If you're an employer and you have a worker who’s experienced a work-related injury or illness, you must help them return to work safely if you can. There are a number of things you should do to make this happen.
What is my role?
You’re required to support your worker through rehabilitation, early and safe return to work. Research shows that this is a very important part of their recovery. This could mean making changes to their work while they recover. Your worker's rehabilitation should start as soon as safe to do so after the injury has happened.
What are my responsibilities?
As an employer, you’re responsible for helping or providing an injured worker who has sustained an injury with rehabilitation.
- Follow the seven principles set out in the Guidelines for Standard for Rehabilitation(PDF, 0.58 MB) to make sure your worker has support to stay at or recover at work.
- You must report the injury and start the claim process. You might need to pay an excess if your worker has taken time off and their claim is accepted.
- Contact your worker as soon as you can after the injury.
- Talk with your worker about workplace changes to support safe work.
- Take time to understand how the injury is affecting your worker both physically and mentally.
- You can offer flexible working arrangements to help your worker come back to work and find other work for them to do if needed. If you're unable to do this, your insurer can talk to you about other options.
- Keep an eye on your worker’s recovery process, making beneficial changes to their work as they improve. Continue to let your insurer know how they are going.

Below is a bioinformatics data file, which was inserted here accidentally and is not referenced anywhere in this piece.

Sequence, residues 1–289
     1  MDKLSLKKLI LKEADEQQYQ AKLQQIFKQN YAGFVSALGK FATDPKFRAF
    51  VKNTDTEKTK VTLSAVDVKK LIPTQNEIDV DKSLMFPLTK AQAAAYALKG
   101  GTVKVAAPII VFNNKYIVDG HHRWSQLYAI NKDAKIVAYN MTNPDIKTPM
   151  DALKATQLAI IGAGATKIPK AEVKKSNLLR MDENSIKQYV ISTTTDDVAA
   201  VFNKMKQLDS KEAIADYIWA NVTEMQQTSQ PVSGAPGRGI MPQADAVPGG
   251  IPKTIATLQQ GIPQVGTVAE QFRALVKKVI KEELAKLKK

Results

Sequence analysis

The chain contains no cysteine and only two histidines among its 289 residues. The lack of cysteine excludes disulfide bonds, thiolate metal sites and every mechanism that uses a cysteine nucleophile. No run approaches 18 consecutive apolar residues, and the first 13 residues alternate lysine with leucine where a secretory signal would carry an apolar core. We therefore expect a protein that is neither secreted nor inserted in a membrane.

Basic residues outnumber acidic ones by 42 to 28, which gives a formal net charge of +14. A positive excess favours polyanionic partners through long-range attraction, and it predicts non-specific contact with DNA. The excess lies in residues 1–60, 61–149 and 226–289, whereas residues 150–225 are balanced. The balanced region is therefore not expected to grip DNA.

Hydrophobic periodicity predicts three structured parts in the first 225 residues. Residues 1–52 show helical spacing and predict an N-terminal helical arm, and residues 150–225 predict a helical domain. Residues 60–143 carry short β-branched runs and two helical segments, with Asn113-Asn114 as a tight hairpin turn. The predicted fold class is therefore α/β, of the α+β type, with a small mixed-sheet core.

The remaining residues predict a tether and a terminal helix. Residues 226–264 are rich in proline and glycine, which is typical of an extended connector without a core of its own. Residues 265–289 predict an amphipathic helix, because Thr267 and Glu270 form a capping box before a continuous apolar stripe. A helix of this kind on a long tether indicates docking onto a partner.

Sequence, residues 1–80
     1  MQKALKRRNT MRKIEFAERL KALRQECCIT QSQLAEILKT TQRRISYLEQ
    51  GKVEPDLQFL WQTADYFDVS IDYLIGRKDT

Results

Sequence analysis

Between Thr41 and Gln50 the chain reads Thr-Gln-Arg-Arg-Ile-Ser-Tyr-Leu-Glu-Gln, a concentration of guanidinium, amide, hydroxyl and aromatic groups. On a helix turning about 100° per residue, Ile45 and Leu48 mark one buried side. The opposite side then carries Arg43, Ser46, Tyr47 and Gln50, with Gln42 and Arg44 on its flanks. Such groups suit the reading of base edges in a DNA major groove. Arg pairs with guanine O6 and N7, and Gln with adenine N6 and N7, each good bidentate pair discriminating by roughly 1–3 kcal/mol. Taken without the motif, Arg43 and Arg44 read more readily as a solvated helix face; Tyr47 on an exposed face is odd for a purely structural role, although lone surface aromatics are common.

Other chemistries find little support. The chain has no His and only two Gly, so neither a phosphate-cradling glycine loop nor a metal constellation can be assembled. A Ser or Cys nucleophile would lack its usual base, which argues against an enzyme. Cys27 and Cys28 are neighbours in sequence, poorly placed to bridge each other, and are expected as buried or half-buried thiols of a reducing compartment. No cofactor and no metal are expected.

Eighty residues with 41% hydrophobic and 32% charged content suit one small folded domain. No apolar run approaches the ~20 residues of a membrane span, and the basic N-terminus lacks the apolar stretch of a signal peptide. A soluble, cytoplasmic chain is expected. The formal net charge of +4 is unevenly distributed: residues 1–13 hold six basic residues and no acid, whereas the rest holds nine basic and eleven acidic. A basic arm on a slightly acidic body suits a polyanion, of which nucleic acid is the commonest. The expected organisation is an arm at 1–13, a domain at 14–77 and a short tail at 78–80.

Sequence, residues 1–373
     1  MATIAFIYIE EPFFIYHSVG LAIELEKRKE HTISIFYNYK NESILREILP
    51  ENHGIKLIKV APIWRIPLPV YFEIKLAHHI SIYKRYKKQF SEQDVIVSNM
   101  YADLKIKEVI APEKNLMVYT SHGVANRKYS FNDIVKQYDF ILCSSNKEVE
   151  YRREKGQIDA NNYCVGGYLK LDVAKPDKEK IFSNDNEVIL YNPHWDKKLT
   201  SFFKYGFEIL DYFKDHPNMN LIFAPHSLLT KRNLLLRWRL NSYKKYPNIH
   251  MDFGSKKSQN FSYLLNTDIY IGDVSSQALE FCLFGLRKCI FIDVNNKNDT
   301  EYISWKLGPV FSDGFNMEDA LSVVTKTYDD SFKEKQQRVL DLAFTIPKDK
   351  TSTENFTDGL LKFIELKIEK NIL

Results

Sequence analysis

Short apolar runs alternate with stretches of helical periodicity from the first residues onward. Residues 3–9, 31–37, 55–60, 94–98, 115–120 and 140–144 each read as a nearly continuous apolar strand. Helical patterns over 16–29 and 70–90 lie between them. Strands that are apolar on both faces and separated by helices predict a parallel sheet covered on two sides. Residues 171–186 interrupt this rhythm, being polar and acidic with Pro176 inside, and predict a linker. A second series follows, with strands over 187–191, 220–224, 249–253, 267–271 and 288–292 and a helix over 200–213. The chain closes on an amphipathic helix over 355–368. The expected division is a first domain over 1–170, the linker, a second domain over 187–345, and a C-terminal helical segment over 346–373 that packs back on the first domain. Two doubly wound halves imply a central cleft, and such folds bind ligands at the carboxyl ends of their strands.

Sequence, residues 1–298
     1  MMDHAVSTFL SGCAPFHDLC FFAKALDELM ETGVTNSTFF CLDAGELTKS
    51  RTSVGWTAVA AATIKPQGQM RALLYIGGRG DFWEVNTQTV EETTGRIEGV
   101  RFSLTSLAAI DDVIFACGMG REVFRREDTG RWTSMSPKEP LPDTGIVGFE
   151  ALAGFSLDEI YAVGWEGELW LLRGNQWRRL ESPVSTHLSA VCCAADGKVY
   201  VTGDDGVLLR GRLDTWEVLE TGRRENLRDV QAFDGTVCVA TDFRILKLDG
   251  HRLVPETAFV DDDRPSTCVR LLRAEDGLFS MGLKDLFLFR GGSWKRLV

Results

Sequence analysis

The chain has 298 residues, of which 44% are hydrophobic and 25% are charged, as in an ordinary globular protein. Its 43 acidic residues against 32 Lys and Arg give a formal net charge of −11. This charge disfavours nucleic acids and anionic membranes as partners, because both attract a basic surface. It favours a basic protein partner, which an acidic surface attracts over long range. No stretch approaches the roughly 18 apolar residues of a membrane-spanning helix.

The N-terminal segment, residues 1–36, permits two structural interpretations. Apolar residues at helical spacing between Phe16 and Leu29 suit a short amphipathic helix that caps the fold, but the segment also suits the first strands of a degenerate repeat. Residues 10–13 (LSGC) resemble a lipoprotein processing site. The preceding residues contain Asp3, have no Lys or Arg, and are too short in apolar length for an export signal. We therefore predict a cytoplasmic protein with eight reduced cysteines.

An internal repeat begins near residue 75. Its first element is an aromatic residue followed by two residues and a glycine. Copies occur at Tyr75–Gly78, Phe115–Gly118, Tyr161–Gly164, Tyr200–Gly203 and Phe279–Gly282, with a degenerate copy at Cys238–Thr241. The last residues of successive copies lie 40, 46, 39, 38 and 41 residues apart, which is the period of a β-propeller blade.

- Make sure your rehabilitation and return to work coordinator (and any other key staff such as a supervisor) have the right skills and training and are supporting your worker as required.
- Put in place and maintain effective workplace rehabilitation policies and procedures (PDF, 0.26 MB)
- You must not dismiss an injured worker within 12 months of sustaining an injury solely or mainly because the worker is not fit for employment in a position.
- Use workers’ compensation documents to support your worker’s rehabilitation but not for any purpose relating to their employment (i.e. any disciplinary action, or decisions about whether their employment should continue).
- annual wages in Queensland 5,200 times Queensland full-time adult's ordinary time earnings (QOTE) for the preceding financial year or
- are in a high risk industry with wages in Queensland for the preceding financial year of 2,600 times QOTE,
The rehabilitation and return to work coordinator must be based in Queensland, employed under a contract and be skilled, experienced or trained to perform the role.
Speak to your insurer if you are unsure if you meet this requirement.
What support is available?
Access free independent and confidential support for you and your workers through the following support services:
- Workers’ Psychological Support Service
- Workers’ Compensation Information and Advisory Service for injured workers
- Workers’ Compensation Information Services for Queensland employers.